Of course, we look to Israel to exercise restraint and to return to the peace process and the talks table, but after recent events the pressure is especially on the Palestinians. On Monday, the European Union called on Palestinian leader Yasser Arafat to close down the terrorist networks of Islamic Jihad and Hamas. EU Foreign Ministers meeting in Brussels this week said that Mr. Arafat should also publicly call for an end to the Palestinian intifada against Israel, which has continued for more than a year. We on the Conservative Benches support that, and I believe that the Palestinian Authority cannot and should not renege on its obligations.

David Winnick rose

Mr. Ancram: I shall give way for the last time, because I want to make progress.

David Winnick: I and many others deplored the terrible atrocities that occurred in Israel last week.

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However, is it not the case that the terror organisations that the right hon. Gentleman named are not in favour of any negotiations, hence the terror during the Israeli prime ministerial elections? Is it not vital that, at long last, Palestinians get the justice that has been denied them? Does he therefore accept the need for a viable Palestinian state to end the Israeli occupation that has been taking place since 1967? Israelis deserve justice certainly, but why not Palestinians as well?

Mr. Ancram: The hon. Gentleman knows that there is always a balance to be struck in the middle east between the need for a just settlement for the Palestinians and the security of the state of Israel, and that, in the end, that can only be negotiated. We know that George Mitchell made proposals for the resumption of talks, and I look to the implementation of their requirements so that talks can resume. That is urgently needed.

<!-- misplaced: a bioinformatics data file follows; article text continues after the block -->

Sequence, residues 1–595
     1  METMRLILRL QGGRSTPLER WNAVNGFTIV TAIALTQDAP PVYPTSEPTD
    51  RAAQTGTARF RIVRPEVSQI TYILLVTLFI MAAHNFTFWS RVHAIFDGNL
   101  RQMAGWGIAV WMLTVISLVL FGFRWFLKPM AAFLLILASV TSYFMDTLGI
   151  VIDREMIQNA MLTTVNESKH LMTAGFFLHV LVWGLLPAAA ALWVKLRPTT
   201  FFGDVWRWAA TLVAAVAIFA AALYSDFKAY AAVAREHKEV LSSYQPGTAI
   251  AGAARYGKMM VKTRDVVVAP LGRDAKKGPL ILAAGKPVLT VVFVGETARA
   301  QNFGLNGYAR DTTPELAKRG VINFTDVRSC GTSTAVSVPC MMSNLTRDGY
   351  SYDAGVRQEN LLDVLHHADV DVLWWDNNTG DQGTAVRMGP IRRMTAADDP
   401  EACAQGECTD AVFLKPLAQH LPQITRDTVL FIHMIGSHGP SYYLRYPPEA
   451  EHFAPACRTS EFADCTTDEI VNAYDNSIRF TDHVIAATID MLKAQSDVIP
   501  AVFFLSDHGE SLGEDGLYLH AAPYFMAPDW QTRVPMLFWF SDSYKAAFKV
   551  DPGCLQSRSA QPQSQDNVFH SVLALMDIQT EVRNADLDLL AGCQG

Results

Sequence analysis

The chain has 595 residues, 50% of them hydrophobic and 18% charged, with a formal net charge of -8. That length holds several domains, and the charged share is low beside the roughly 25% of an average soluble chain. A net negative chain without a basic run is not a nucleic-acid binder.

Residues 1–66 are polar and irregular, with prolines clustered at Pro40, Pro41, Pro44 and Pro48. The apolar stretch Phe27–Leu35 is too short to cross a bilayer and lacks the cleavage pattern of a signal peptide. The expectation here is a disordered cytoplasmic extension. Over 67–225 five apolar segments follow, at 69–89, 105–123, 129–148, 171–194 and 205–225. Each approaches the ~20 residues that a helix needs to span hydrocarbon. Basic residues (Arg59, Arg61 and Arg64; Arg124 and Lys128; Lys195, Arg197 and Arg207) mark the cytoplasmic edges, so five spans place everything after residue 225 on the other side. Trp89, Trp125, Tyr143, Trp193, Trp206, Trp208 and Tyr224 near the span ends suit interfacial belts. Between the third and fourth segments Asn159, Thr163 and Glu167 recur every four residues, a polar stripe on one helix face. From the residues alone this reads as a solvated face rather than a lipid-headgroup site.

The international campaign against terrorism must go far wider. We should no longer be prepared to tolerate Governments who themselves tolerate or sponsor terrorist activities. That goes for Afghanistan, but it must go too for other countries that we know, and can show, are involved in international terrorism. President Bush was right yesterday to set down a very clear and stark warning to such countries. When those states are unwilling to take effective action against terrorism, they must be prepared to face a determined response from the wider international community, and I hope that the United Kingdom will continue to be at the forefront of that response.

There are further clear phases of the campaign against international terrorism to be pursued once the immediate fight in Afghanistan is over. The next immediate phase must be the continued pursuit and eradication of al-Qaeda wherever it still flourishes. First, the terrorists must be pursued to wherever they have fled. They cannot be allowed to establish new bases and boltholes. Secondly, wherever there is the potential for them to establish a new command and control structure, under a new leadership, that must be nipped in the bud.